As far as I knew it, the plot of The Merry Wives was (to paraphrase Elizabeth I) laughs and a bit with a box. Falstaff and some wives? Of Windsor? Who are merry? Well, none of that is an inaccurate description for a play that is even more frothy than Twelfth Night and more contrived than Cymbeline…
This was a touring outdoor production put on by the (all-male) Festival Players, with an extremely limited set (three timber-panelled panels in front of a gazebo)) set of props (aforementioned box) and cast. There were six of them, I think, although I couldn’t say for certainty because there was – yay! – plenty of doubling up and the ladies’ costumes involved hanky headdresses which were surprisingly effective at changing appearances*. In general the setting, like the play itself, was non-specific medieval. Oh, and it made good use of a convenient tree.
And it turns out that, actually, the plot of the Merry Wives is sight more feminist than any other Shakespeare I’ve seen. It goes as follows: Falstaff, running out of money in Windsor, hits on the grand scheme of pursuing two women, Mistress Ford and Mistress Page. He assumes that they won’t talk to each other and can therefore woo them both in identical terms. But guess what: women do actually talk to each other and Mistresses Ford and Page decide they will teach Falstaff a lesson. Over the course of the play they manage to get him beaten and humiliated in a number of ways which he actually takes with very good grace. The plot is complicated by masters Page and Ford, alerted to Fastaff’s plans, who variously trust their wife already or learn to trust their wife through the development of the story. Even the sub plot is about woman contriving to marry the man of her choice, rather than either of her parents preferred suitors! That was a long paragraph just to say – The Merry Wives of Windsor has some surprising things going for it.
So too do the Festival Players, not least a very impressive audibility in the open air. Mark Sprigg’s Fastaff was jolly and vulgar, lacking that mean-ness of spirit he shows in Henry IV Part 2 and instead great-hearted and humorous. Samuel Griffiths was Mistress Page and William Ross-Fawcett was Mistress Ford – between them they had wonderful, waspish double-act going on (goodness knows how else they filled the time before Falstaff came along, unless with sniping at each other), with some truly brilliant moments of in-character over-acting. Their husbands (Stephen Horncastle as Page, Paul Valentine as Ford) were great also – especially Ford’s gibbering, verbose rage**.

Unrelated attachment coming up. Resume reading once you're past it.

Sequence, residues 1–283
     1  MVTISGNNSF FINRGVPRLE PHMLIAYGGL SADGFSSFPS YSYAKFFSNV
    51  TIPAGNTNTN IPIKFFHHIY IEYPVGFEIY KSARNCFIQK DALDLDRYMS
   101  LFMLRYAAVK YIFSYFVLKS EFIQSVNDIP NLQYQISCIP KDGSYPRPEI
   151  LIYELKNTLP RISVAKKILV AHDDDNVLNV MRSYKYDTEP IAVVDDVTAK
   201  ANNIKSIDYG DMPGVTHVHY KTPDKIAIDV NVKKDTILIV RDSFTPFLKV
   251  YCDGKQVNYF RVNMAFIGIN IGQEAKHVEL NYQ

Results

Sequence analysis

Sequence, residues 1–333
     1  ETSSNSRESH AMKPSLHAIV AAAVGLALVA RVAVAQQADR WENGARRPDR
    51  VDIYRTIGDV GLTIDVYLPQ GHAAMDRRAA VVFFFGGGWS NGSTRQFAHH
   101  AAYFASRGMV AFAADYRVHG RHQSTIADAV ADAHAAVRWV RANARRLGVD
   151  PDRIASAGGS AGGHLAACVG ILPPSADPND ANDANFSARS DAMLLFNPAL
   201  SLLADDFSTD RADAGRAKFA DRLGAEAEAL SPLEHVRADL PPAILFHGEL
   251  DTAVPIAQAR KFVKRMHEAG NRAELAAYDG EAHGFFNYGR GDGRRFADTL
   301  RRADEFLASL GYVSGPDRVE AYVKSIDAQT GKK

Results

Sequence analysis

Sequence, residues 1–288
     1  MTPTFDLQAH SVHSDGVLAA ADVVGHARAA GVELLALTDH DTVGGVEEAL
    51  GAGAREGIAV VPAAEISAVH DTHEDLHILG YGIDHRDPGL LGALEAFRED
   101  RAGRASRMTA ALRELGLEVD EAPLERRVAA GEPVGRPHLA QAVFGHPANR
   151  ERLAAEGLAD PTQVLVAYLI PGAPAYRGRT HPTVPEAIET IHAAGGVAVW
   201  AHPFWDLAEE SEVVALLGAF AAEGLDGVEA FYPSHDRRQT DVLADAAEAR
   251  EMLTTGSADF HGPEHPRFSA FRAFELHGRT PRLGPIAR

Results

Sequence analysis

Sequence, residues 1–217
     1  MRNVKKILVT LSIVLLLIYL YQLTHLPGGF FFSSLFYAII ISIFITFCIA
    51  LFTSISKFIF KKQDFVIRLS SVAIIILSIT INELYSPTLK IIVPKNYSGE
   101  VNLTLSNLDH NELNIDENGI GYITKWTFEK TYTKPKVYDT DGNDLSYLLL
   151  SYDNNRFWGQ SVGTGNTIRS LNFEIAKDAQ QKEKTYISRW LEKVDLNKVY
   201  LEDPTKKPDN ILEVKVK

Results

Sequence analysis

In the second plot, Connor Reed’s sweet and earnest Anne Page takes after her mother in trickery and marries a splendidly romantic and impulsive Fenton (played also by William Ross-Fawcett. The doubling was v-e-r-y impressive) while trying to avoid a Welsh parson***, a doctor and the charmingly gormless Slender (played by Paul Valentine).
Johnny Coppin’s music was good too – a setting of The Passionate Shepherd to his Love (I know it’s good but it’s not Shakespeare…) and one I didn’t recognise (and alas cannot remember well enough to attempt identification) which may have been specially written since it seemed to be all about wives, short and tall and being merry. If this rings a bell for anyone, please let me know!
* Also, despite hot-footing it across Streatham (surprisingly wild) Common, I didn’t arrive in enough time to get a programme. So I hope I’ve got everyone’s names and roles right!
** And a special shout-out to the moustache he put on to “disguise” Ford as Master Brook – perfect comedy. I should also commend the whole cast for managing to stick out costumes of many layers (some velvet) in the scorching summer heat.
*** Shakespeare seems to be obsessed with the Welsh and cheese – is this a thing? Is that why Jasper Fforde’s books have a long-running welsh cheese smuggling plot? There’s also a Calvin and Hobbes connection, courtesy of the line Thereby hangs a tale…